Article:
Following imputation, subject matter specialists compared patterns in the current estimates with those observed in data from previous iterations of the survey. The largest differences in the patterns were investigated by reviewing the source of the change in the micro data and resolving any remaining data issues.


Imputation is used to determine plausible values for all variables that are missing or inconsistent in the collected data and which could not be resolved through editing. A number of different approaches were used to impute missing or inconsistent data. The simplest technique involved using a group of deterministic and coherence rules that dictate acceptable relationships among variables and derive missing values residually. Missing variables were also imputed by applying the ratios between variables and historical trends observed in the respondent data, to data records with partial information. Direct replacement of missing variables with data from other sources was another imputation approach used. Lastly, donor imputation was also used. This involved identifying a respondent record (donor) that was similar to the record which required imputation (recipient) based on information which was available for both businesses. The data available for the respondent was then used to derive that for the record requiring imputation.

Imputation groups were based on a number of criteria including firm type, various measures of size, complexity and province or region. Data for selected survey questions (1a, 1b and 2a) were used to assign a firm type to each respondent. Seven firms types were defined as follows: functional foods only; natural health products only; services only; functional foods and natural health products; functional foods and services; natural health products and services; and functional foods, natural health products and services.

No imputation was done for records when their firm type could not be assigned.


A complete micro data file was created for all establishments in the survey population for which data were reported or could be imputed. In a census, each establishment in the population would ordinarily represent only itself in the estimates with a weight of 1. However, no imputation was done for records when their firm type could not be assigned. These records were treated as non-respondents. As a result, weights on all records were adjusted by a factor to account for survey non-response so that the final estimates would be representative of the entire survey population.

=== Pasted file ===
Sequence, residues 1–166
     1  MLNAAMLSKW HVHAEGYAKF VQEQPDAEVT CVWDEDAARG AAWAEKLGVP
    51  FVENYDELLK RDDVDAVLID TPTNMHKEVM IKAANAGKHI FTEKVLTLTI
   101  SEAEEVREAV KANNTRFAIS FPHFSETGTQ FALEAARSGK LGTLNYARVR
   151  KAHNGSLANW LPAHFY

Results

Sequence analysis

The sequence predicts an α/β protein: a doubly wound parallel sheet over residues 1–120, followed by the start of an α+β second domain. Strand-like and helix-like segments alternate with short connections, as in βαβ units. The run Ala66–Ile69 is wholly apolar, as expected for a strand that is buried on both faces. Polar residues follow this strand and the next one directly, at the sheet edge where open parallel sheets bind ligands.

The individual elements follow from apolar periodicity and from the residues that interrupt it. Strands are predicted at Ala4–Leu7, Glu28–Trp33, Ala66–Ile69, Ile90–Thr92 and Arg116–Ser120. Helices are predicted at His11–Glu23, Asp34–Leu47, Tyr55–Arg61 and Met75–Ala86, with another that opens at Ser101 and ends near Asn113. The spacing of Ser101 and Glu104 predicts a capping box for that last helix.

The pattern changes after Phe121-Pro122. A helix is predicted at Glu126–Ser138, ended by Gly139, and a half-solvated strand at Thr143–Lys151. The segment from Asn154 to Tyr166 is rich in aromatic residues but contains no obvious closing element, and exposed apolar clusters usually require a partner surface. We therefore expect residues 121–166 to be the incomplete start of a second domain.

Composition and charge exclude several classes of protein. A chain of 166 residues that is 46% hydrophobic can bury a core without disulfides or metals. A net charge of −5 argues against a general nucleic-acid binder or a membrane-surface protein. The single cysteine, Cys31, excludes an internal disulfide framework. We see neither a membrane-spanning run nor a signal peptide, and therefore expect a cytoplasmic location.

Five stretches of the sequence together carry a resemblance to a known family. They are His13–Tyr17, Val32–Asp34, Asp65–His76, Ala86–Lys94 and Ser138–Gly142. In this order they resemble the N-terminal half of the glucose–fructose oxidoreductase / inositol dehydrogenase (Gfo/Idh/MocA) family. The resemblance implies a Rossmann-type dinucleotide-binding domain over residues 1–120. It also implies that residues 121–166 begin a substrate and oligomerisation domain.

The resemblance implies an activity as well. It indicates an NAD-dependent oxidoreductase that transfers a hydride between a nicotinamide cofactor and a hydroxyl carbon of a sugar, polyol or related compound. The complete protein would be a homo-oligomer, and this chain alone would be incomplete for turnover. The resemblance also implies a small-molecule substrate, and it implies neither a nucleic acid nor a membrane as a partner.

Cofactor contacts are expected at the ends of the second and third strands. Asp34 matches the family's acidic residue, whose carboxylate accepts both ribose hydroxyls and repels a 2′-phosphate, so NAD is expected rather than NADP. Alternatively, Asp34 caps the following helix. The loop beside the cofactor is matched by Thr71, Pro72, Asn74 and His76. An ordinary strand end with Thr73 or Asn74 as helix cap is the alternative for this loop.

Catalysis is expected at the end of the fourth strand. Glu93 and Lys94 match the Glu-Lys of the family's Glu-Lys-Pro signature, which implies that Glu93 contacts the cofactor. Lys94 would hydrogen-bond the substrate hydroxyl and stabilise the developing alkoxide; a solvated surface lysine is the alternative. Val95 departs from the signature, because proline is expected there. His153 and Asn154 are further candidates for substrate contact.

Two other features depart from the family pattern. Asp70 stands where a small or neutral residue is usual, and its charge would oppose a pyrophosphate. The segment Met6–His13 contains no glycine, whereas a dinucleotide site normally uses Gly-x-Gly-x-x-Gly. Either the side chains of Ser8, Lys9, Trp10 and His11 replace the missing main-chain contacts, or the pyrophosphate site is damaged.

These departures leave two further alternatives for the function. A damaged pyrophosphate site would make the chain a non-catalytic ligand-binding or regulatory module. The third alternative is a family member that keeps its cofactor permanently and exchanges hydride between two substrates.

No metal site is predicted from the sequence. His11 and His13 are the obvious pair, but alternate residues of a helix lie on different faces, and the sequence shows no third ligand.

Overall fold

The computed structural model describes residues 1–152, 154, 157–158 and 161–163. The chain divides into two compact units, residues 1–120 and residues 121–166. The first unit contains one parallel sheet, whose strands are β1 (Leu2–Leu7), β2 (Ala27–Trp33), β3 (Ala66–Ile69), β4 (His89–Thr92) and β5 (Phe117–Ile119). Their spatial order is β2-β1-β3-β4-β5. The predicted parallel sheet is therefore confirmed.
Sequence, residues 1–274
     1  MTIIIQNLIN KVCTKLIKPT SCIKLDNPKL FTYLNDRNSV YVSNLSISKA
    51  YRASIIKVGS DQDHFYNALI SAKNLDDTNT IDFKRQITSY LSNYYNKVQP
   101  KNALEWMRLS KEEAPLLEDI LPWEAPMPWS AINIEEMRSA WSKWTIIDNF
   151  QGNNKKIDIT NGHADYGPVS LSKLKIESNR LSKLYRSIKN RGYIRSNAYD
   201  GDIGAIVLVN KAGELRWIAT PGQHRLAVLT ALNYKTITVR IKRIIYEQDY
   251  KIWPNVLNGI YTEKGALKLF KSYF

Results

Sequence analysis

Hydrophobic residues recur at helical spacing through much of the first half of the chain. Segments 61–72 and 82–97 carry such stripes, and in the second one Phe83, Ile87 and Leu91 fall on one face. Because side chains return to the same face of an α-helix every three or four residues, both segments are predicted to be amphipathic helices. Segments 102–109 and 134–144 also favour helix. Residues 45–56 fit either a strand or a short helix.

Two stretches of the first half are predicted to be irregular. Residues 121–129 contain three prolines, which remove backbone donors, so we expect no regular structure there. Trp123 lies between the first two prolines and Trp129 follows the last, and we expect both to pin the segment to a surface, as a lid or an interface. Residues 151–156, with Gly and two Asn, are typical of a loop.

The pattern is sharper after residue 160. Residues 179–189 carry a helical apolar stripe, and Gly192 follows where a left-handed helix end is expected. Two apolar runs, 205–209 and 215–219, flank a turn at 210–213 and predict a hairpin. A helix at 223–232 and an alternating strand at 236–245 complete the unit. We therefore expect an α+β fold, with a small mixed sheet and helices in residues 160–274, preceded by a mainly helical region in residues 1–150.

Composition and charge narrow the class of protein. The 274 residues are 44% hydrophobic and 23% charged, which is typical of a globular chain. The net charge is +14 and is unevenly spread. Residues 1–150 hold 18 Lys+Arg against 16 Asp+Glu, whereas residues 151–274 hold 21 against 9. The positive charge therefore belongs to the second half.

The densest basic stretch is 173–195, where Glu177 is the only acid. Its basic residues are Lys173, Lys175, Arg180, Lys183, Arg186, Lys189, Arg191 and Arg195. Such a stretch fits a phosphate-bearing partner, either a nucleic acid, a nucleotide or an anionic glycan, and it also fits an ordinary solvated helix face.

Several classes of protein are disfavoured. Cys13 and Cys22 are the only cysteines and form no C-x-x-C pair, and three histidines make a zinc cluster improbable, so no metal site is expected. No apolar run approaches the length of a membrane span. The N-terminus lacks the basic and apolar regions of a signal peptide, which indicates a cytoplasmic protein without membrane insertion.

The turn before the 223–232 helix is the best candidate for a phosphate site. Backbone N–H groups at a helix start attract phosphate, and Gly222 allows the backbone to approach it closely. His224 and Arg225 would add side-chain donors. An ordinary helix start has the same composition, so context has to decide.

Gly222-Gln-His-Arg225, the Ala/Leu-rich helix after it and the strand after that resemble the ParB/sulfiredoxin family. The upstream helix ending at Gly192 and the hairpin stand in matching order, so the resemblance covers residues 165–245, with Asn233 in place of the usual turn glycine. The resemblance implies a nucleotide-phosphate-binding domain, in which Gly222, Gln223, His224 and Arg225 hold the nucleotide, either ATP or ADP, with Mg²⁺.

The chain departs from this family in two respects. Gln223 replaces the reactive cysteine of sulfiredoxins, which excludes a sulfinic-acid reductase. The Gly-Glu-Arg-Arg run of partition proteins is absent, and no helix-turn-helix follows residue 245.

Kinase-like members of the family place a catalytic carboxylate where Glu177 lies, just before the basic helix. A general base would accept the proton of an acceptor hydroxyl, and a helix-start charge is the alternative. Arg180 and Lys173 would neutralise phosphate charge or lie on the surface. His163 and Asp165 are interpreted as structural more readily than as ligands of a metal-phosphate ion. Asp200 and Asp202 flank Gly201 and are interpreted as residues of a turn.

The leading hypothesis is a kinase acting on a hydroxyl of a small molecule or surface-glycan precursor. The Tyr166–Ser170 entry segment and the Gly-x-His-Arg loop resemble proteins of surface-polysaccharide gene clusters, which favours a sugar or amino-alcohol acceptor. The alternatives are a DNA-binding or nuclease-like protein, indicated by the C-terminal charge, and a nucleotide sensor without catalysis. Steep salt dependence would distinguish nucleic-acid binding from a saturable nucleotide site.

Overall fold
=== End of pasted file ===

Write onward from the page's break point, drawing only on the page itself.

Weighted estimates were produced using the Generalised System of Estimation.

Quality evaluation

Survey estimates were compared with estimates for previous iterations of the survey where possible. In addition, subject matter experts from outside Statistics Canada were given an opportunity to review the estimates and provide feedback on quality prior to their release.

Disclosure control

Statistics Canada is prohibited by law from releasing any information it collects which could identify any person, business, or organization, unless consent has been given by the respondent or as permitted by the Statistics Act. Various confidentiality rules are applied to all data that are released or published to prevent the publication or disclosure of any information deemed confidential. If necessary, data are suppressed to prevent direct or residual disclosure of identifiable data.

In order to prevent any data disclosure, confidentiality analysis was done using the G-CONFID system. G-CONFID was used for primary confidentiality as well as for the secondary suppression (residual disclosure). Direct disclosure or primary confidentiality occurs when the value in a tabulation cell is composed or dominated by few enterprises. Residual disclosure occurs when confidential information can be derived indirectly by piecing together information from different sources or data series.

Revisions and seasonal adjustment

This methodology type does not apply to this statistical program.

Data accuracy

The data accuracy indicators used for the Functional Foods and Natural Health Products Survey are the standard error and the coefficient of variation. The standard error is a commonly used statistical measure indicating the error of an estimate associated to sampling and to adjustments made because of complete non-response. For this survey there was no error associated to sampling. The coefficient of variation is the standard error expressed as a percentage of the estimate.

The response rate for this survey was 50.6%.